Vaginal Pessaries

A vaginal pessary is a silicone device, similar to a vaginal contraceptive diaphragm used to treat urinary incontinence and/or prolapse.

About Vaginal Pessaries

A vaginal pessary is inserted into the vagina to support dropped pelvic organs and apply compression to the urethra during activities that can cause urine leakage. For many women, pessaries are a low-risk treatment option for pelvic organ prolapse (POP) or urinary incontinence. A pessary allows you to be comfortable and active without surgery. Not all women can wear a pessary. Still, about 85 percent of women can be successfully fit with a pessary regardless of age, medical history, or extent of prolapsed pelvic organs.


Consider wearing a pessary if you:

  • Need temporary or long-term help with urine leakage during exercise.
  • Have bothersome stress urinary incontinence (SUI) or POP symptoms and want a non-surgical treatment.
  • Want to delay surgery.
  • Have health problems that make the risks of surgery too great.
  • Are considering pregnancy in the future and need to postpone surgery until after you have completed your family.
  • Keep in mind that not all women can successfully wear a pessary. Vaginal scarring, vaginal dryness, narrowed or shortened vagina, widened vaginal opening, or very weak pelvic floor muscles are some reasons pessaries can fall out or be uncomfortable. Some of these problems can be treated to allow for pessary use.


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Wearing a Pessary

Pessaries require fitting. This fitting is easily done during an office visit, allowing you to leave that same day with improved symptoms. Just like finding the perfect pair of shoes, you may need to try different pessaries to find the right one for you. This fitting is done at your urogynecologist’s office. If you are sexually active, share this with your provider. That factor is part of the pessary selection process.

You should not feel a well-fitting pessary when it is in place, much like a tampon. If you feel discomfort or pain, speak up. The pessary may be too big or too small for you. Often a different size pessary will solve this problem. Once the specific type of pessary is identified, your provider will set up a schedule for pessary cleaning. If you can manage your own pessary, your health care provider will teach you how to insert, remove, and clean it.

It is normal to feel the pessary near the opening of the vagina—pessaries should sit lower than a diaphragm or tampon. If you feel the pessary coming out, it’s OK to push it back up inside. Pessaries are often easy to manage with practice.

Pessaries do not cause infections, but you might notice a whitish or yellow discharge from your vagina. This is OK. However, if the amount of discharge increases or has an odor, call your provider. If you see vaginal bleeding, call your provider—you might have ulceration. Women who use a pessary may also be prescribed vaginal estrogen in a cream, tablet, or ring form. This medicine helps strengthen the vaginal skin, which reduces the risk of ulceration.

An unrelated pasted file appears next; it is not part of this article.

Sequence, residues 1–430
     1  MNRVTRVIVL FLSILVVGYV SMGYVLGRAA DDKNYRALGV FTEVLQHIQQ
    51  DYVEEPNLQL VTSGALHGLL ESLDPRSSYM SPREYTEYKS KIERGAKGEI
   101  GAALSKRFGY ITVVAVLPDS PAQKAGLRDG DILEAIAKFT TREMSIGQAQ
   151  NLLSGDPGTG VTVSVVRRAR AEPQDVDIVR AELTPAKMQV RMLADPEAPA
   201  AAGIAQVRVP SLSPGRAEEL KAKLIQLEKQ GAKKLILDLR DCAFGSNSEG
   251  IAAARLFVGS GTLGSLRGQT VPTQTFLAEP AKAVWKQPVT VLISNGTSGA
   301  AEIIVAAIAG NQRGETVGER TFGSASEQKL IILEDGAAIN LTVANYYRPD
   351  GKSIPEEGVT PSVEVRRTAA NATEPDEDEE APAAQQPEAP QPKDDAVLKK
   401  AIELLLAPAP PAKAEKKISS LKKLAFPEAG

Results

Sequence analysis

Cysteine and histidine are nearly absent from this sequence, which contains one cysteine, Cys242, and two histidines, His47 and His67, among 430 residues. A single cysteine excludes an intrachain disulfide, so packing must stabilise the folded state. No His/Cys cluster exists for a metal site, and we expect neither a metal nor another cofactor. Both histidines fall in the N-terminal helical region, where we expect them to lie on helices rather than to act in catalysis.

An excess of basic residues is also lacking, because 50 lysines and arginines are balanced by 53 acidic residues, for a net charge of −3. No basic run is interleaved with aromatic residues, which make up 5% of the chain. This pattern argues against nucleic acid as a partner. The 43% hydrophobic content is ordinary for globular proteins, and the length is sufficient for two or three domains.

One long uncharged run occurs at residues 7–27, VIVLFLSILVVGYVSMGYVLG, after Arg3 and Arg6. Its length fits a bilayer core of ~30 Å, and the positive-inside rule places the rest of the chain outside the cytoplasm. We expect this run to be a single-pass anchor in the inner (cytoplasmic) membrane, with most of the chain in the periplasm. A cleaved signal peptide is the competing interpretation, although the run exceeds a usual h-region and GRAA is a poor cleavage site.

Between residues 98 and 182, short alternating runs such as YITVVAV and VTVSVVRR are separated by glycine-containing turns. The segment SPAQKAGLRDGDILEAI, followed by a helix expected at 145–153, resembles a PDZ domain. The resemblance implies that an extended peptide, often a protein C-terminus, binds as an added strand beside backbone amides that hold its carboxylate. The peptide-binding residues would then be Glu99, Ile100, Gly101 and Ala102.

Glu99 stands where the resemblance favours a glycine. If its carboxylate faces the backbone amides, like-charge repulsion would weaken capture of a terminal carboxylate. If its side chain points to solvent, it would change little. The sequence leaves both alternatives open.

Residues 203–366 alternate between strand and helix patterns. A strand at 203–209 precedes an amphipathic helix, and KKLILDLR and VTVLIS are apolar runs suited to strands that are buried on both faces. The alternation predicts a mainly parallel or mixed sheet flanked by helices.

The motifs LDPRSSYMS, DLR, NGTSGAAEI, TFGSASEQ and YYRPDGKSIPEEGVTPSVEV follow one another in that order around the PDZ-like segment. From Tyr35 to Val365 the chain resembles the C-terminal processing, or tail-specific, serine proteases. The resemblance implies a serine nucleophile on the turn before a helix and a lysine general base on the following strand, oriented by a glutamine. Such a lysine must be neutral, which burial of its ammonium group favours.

You’ll need to go back to your provider regularly to check the pessary and make sure it is working well for you. Typically, pessary wearers are seen every 3 to 12 months.

Types of Pessaries
There are many shapes and sizes of pessaries to meet the individual needs of different patients. Common types of pessaries include the ring, donut, Gellhorn, and cube. Your provider will choose the right one for you during your fitting.

The ring pessary is an effective treatment for both early and advanced prolapse. A type of ring pessary with an extra knob is also used for Stress Urinary incontinence (SUI). Some women find that urinary urgency and frequency symptoms improve with a pessary.

Often, ring pessaries are the first ones doctors try. Ring pessaries are easy for women to both insert and remove themselves. Sometimes women can have sex with this type of pessary in place. If you or your partner feel the ring, it is also easy to remove and reinsert after sex.

To insert, you fold the pessary in half (like a taco), place a bit of lubricant on the tip, and insert it into your vagina. Once inside the vagina, the pessary unfolds and provides support. Pessaries are also easy to remove by gently tugging, folding in half, and pulling out.

Donut pessaries can resolve POP symptoms for both large and small prolapses. However, this type of pessary can be challenging to insert and remove.

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The Gellhorn pessary is used for advanced-stage prolapse and women who are not sexually active. It has two segments. The concave segment generates suction on the upper vagina/cervix. The stem segment faces the vaginal opening. It is difficult to remove and so often requires office visits for cleaning. It is normal to feel the stem near the vaginal opening, especially after a bowel movement.

For advanced prolapse, a cube pessary may be recommended. Once inside the vagina, the cube forms suction on all sides. This traps both the edges of the prolapse and vaginal secretions in crevices of the pessary. Sometimes this can lead to a bad odor. Because cube pessaries are very hard to remove on your own, they usually require frequent office visits. Given these limitations, cube pessaries are often used as a last resort.

Three Takeaways

1. A pessary is a device usually made of silicone inserted into the vagina to correct vaginal prolapse or SUI.
2. Most women can successfully manage their symptoms with a pessary. This can mean they avoid surgery.
3. There are many shapes and sizes of pessaries to meet the individual needs of different patients. Talk to your provider about what is best for you.

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